Windhoek – The SADC assessment mission has concluded that Burundi is not fit enough to join the regional bloc because the eastern African country is not showing any signs of being a democratic country.
Burundi, alongside Comoros, applied to be SADC members early 2017. The latter’s application was accepted at the SADC Heads of State summit last year, while Burundi is still struggling to join.
Burundi blew its chances of joining SADC because its president, Pierre Nkurunziza, provoked political instability when he took an apparently unconstitutional third term in office in 2015.
The Burundian government also rejected several SADC assessment missions which were necessary to measure how far the country has come to enable it to join the regional bloc.
An assessment mission which was supposed to be carried out in Burundi by a SADC envoy in May 2018 didn’t materialise. The Burundian government postponed the assessment mission saying the country was conducting a national referendum on 17 May 2018.
However, the general consens among the SADC officials is that the real reason for the postponement was that Burundi was destined to fail the assessment at the time.
The Southern Times understands that Burundi last month hastily arranged for the SADC envoy to go and assess the country because the application still had to be discussed at the Ministerial Committee of the Organ on for Politics, Defence and Security meeting before the final decision would be taken at the 39th SADC Summit in Tanzania in August.
The SADC envoy has now handed in its report to the SADC chairperson Dr Hage Geingob that Burundi should not join.
Geingob this week confirmed that the assessment mission has recommended for Burundi not be admitted into SADC.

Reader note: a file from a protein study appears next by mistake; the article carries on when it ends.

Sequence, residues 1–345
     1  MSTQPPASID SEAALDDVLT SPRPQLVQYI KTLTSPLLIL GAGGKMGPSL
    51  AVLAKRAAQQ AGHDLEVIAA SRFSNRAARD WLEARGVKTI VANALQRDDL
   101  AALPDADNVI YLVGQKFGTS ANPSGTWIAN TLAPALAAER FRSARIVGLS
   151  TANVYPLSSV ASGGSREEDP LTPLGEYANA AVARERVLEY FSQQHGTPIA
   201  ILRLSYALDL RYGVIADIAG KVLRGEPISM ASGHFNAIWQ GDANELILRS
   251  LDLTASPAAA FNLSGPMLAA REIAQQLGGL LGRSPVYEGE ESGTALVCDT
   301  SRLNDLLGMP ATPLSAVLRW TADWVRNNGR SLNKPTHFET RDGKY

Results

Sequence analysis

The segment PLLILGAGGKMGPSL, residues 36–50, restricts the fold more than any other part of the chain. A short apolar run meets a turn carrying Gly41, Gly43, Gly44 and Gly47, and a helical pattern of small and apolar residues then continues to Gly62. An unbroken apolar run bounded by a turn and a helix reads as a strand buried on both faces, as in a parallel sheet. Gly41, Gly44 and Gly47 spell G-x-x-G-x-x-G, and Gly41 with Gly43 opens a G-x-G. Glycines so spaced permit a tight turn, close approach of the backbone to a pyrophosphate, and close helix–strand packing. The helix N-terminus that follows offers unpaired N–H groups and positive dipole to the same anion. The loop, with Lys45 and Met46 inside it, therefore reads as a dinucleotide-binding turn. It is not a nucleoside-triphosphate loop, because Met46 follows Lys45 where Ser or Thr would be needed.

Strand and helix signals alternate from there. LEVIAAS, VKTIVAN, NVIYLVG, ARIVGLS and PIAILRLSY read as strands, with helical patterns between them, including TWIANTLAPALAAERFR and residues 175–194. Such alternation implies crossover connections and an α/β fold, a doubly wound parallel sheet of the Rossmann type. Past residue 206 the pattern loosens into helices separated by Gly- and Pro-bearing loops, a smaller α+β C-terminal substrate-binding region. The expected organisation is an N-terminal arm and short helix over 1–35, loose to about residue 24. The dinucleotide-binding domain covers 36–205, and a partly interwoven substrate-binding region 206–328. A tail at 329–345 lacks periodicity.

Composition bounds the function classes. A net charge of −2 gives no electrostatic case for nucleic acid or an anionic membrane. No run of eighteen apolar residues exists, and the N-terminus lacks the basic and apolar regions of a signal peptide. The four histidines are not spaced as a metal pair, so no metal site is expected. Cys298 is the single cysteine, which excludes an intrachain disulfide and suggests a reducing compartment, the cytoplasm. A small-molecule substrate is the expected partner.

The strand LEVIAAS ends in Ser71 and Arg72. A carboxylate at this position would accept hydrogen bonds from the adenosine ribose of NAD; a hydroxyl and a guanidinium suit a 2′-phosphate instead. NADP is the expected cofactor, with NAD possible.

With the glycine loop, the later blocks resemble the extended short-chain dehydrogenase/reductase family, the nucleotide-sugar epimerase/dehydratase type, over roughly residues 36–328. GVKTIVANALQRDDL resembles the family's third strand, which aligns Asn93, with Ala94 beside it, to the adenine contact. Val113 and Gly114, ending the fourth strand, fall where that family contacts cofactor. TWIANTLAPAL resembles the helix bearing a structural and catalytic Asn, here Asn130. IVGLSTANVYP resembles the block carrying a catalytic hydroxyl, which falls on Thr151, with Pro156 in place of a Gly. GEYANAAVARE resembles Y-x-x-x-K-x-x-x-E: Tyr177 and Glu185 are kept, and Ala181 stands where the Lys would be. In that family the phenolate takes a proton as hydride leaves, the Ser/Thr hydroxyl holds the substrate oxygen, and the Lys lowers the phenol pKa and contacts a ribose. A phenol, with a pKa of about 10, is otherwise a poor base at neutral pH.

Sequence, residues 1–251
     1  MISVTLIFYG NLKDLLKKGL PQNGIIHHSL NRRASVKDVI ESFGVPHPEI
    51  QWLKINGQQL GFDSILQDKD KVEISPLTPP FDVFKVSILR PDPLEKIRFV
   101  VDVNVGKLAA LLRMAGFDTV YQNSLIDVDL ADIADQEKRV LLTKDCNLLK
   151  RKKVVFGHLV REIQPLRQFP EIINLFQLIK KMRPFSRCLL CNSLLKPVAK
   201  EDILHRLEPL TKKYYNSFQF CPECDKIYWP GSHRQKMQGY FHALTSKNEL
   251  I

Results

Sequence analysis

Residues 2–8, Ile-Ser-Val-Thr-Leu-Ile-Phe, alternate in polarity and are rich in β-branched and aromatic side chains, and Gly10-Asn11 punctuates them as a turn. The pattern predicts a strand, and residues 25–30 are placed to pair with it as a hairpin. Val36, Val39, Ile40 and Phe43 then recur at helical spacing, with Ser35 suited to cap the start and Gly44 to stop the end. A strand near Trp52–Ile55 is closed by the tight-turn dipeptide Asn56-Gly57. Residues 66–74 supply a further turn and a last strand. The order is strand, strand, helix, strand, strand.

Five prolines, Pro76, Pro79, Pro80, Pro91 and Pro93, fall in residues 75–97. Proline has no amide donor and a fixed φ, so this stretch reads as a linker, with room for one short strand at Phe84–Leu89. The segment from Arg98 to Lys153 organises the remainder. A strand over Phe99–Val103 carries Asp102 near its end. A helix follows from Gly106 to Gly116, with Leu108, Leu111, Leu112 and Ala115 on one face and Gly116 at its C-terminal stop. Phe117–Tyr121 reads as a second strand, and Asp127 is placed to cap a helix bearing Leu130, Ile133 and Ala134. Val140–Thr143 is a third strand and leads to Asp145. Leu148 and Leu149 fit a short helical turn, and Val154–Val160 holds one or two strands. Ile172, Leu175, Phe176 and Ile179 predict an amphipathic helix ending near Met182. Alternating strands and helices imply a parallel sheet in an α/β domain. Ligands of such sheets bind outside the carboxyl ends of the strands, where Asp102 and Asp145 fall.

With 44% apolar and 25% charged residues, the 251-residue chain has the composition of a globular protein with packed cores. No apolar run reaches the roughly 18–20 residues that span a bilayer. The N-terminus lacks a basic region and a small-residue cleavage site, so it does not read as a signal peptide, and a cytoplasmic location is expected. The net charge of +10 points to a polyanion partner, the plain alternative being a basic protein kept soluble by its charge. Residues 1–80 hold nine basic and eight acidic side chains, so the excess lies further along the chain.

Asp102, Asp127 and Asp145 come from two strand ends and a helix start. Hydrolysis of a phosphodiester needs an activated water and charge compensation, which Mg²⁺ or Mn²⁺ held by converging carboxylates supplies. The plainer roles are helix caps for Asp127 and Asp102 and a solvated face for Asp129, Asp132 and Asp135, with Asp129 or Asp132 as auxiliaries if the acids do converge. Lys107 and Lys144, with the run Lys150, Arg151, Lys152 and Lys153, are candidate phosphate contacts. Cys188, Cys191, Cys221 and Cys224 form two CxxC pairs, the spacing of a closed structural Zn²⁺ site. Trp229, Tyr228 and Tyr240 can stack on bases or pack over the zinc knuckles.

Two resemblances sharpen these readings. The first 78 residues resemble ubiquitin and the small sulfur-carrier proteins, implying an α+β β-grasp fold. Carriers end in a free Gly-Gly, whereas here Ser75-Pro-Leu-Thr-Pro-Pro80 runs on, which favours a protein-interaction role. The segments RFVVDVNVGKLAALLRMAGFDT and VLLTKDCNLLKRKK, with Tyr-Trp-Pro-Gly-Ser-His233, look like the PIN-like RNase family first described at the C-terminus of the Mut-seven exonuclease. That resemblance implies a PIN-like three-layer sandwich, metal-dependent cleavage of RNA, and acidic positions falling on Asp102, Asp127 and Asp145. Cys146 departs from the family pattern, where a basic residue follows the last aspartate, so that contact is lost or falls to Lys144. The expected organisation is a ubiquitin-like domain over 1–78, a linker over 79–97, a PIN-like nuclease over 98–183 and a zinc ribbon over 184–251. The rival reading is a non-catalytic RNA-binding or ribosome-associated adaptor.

“Burundi have applied to join the SADC family as a member. The SADC assessment mission has been send to Burundi, but recommended thus far that it is not yet propitious for Burundi to be admitted into SADC. This is due to unresolved democratic process in that country,” he said.
Geingob was speaking during a meeting with incoming SADC chairperson and Tanzania’s President Dr John Magufuli, in Windhoek.
Geingob added that SADC was also concerned about the accusations and counter accusations between Burundi and Rwanda about interference in each other’s internal affairs.
In April, Burundi’s Minister of Foreign Affairs, Ezechiel Nibigira, assured Geingob that the country was ready to join SADC.
At the time he said, “Yes it’s true that after 2010, the country had a rough patch but our President (Nkurunziza) told me to share with you that Burundi has now fully recovered. There is total peace and security. People can now roam freely whether in the afternoon or night.”
Despite the assurance from the minister, the SADC assessment mission was having none of it and it appears now that Burundi’s quest to join SADC will linger on for many years.
The SADC Heads of State Summit to be hosted in Tanzania later this year will, however, have the final say on the report from the SADC assessment mission.